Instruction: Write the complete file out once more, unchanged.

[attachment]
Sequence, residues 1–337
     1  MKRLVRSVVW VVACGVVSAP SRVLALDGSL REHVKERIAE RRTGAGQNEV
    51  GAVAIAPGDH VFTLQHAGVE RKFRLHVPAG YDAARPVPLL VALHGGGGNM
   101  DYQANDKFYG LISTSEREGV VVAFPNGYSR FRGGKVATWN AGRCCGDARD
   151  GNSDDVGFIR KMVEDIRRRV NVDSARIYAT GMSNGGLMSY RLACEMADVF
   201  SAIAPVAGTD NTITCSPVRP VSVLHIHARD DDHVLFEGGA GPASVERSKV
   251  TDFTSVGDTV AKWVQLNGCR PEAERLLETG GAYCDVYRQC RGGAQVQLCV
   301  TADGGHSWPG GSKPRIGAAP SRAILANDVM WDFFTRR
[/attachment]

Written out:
Sequence, residues 1–337
     1  MKRLVRSVVW VVACGVVSAP SRVLALDGSL REHVKERIAE RRTGAGQNEV
    51  GAVAIAPGDH VFTLQHAGVE RKFRLHVPAG YDAARPVPLL VALHGGGGNM
   101  DYQANDKFYG LISTSEREGV VVAFPNGYSR FRGGKVATWN AGRCCGDARD
   151  GNSDDVGFIR KMVEDIRRRV NVDSARIYAT GMSNGGLMSY RLACEMADVF
   201  SAIAPVAGTD NTITCSPVRP VSVLHIHARD DDHVLFEGGA GPASVERSKV
   251  TDFTSVGDTV AKWVQLNGCR PEAERLLETG GAYCDVYRQC RGGAQVQLCV
   301  TADGGHSWPG GSKPRIGAAP SRAILANDVM WDFFTRR